1 min read

Studying Elon

The two-sided genius.

Walter Isaacson is the preeminent author of great people biographies. His vivid stories have introduced millions to DaVinci, Einstein, Benjamin Franklin, and others. His latest book tells a similarly remarkable story of how a skinny kid in apartheid South Africa became the world's richest man. That kid's name is Elon Musk.

A historian at Tulane, Isaacson's books are deeply researched. His new book is no different. Isaacson was given full access to executive meetings, late-night calls, dinner with his kids, and the rest of Elon's world for nearly two years. He explains what he learned and what surprised him in Lunch with the FT.

Highlights include:

Agreeing to work together

He just said “OK!” Then he asked me if I minded if he told other people [about the book] and, of course, I said no.” Then, a few minutes later, Isaacson met up with friends who told him that Musk had dispatched a tweet — even during the phone call — announcing that Isaacson would be his biographer. Isaacson was shocked. “It was the first example [I saw] of him being totally impetuous.”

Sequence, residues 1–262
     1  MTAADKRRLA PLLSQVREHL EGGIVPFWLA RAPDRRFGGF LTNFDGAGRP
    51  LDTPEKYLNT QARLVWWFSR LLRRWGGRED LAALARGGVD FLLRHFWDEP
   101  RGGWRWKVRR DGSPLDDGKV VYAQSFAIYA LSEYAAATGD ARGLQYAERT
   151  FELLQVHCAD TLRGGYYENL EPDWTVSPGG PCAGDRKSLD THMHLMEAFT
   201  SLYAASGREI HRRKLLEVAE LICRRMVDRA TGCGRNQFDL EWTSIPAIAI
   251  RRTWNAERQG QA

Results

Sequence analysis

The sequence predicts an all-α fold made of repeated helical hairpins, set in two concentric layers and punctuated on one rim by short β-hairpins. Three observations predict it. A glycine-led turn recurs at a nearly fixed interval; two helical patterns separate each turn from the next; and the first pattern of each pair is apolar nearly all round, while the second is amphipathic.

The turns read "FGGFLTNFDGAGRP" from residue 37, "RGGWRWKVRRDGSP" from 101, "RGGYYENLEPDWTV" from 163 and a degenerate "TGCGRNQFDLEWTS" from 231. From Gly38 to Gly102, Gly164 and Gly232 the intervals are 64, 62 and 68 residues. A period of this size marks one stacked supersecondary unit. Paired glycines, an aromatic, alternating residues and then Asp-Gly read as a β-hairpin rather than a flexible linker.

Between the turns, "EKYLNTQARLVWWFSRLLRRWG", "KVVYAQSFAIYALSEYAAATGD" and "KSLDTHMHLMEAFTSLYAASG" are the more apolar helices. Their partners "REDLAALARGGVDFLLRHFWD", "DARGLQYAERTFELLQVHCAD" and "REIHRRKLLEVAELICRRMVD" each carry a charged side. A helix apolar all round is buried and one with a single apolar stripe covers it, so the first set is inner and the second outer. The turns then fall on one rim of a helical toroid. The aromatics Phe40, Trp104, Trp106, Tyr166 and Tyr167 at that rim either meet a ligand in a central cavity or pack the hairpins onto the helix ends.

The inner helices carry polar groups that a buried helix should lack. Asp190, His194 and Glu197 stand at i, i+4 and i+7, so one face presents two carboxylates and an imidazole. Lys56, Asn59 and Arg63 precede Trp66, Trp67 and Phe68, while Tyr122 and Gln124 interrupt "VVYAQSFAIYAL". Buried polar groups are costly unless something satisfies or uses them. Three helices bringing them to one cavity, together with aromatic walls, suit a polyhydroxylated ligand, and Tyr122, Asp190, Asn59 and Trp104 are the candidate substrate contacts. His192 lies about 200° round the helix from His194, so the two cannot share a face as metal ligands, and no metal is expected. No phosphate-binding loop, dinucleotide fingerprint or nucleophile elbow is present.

Disliking stability

He doesn’t like things when they are going well. He is addicted to drama ... When I heard that [Twitter], I knew I would have a rough ride [as his biographer]. I thought it was insane — Musk doesn’t have empathy and so Twitter was not a good fit for him.

Musk's controversial role in Ukraine

I have these [messages] in real time as he is turning off Starlink around Crimea because there was a secret drone attack

Demon mode

In front of me he would go into multiple Elon Musk personalities. There are times he gets really dark and he goes into what Grimes [the Canadian singer who is Musk’s on-off girlfriend] calls "demon mode." He will become angry ... But then when he snaps out he will hardly remember what he did in demon mode and turns from Dr Jekyll into Mr Hyde.